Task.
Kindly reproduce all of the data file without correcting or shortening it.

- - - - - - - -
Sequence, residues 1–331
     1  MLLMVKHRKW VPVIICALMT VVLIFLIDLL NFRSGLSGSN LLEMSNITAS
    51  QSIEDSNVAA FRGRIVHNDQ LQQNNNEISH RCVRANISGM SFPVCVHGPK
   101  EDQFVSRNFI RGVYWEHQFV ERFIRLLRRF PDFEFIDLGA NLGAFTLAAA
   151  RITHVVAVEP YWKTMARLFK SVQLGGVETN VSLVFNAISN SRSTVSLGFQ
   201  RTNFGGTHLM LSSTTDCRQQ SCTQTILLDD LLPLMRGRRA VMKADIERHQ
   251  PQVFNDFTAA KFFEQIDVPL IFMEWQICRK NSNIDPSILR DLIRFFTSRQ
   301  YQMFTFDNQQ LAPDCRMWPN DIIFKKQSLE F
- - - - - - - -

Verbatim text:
Sequence, residues 1–331
     1  MLLMVKHRKW VPVIICALMT VVLIFLIDLL NFRSGLSGSN LLEMSNITAS
    51  QSIEDSNVAA FRGRIVHNDQ LQQNNNEISH RCVRANISGM SFPVCVHGPK
   101  EDQFVSRNFI RGVYWEHQFV ERFIRLLRRF PDFEFIDLGA NLGAFTLAAA
   151  RITHVVAVEP YWKTMARLFK SVQLGGVETN VSLVFNAISN SRSTVSLGFQ
   201  RTNFGGTHLM LSSTTDCRQQ SCTQTILLDD LLPLMRGRRA VMKADIERHQ
   251  PQVFNDFTAA KFFEQIDVPL IFMEWQICRK NSNIDPSILR DLIRFFTSRQ
   301  YQMFTFDNQQ LAPDCRMWPN DIIFKKQSLE F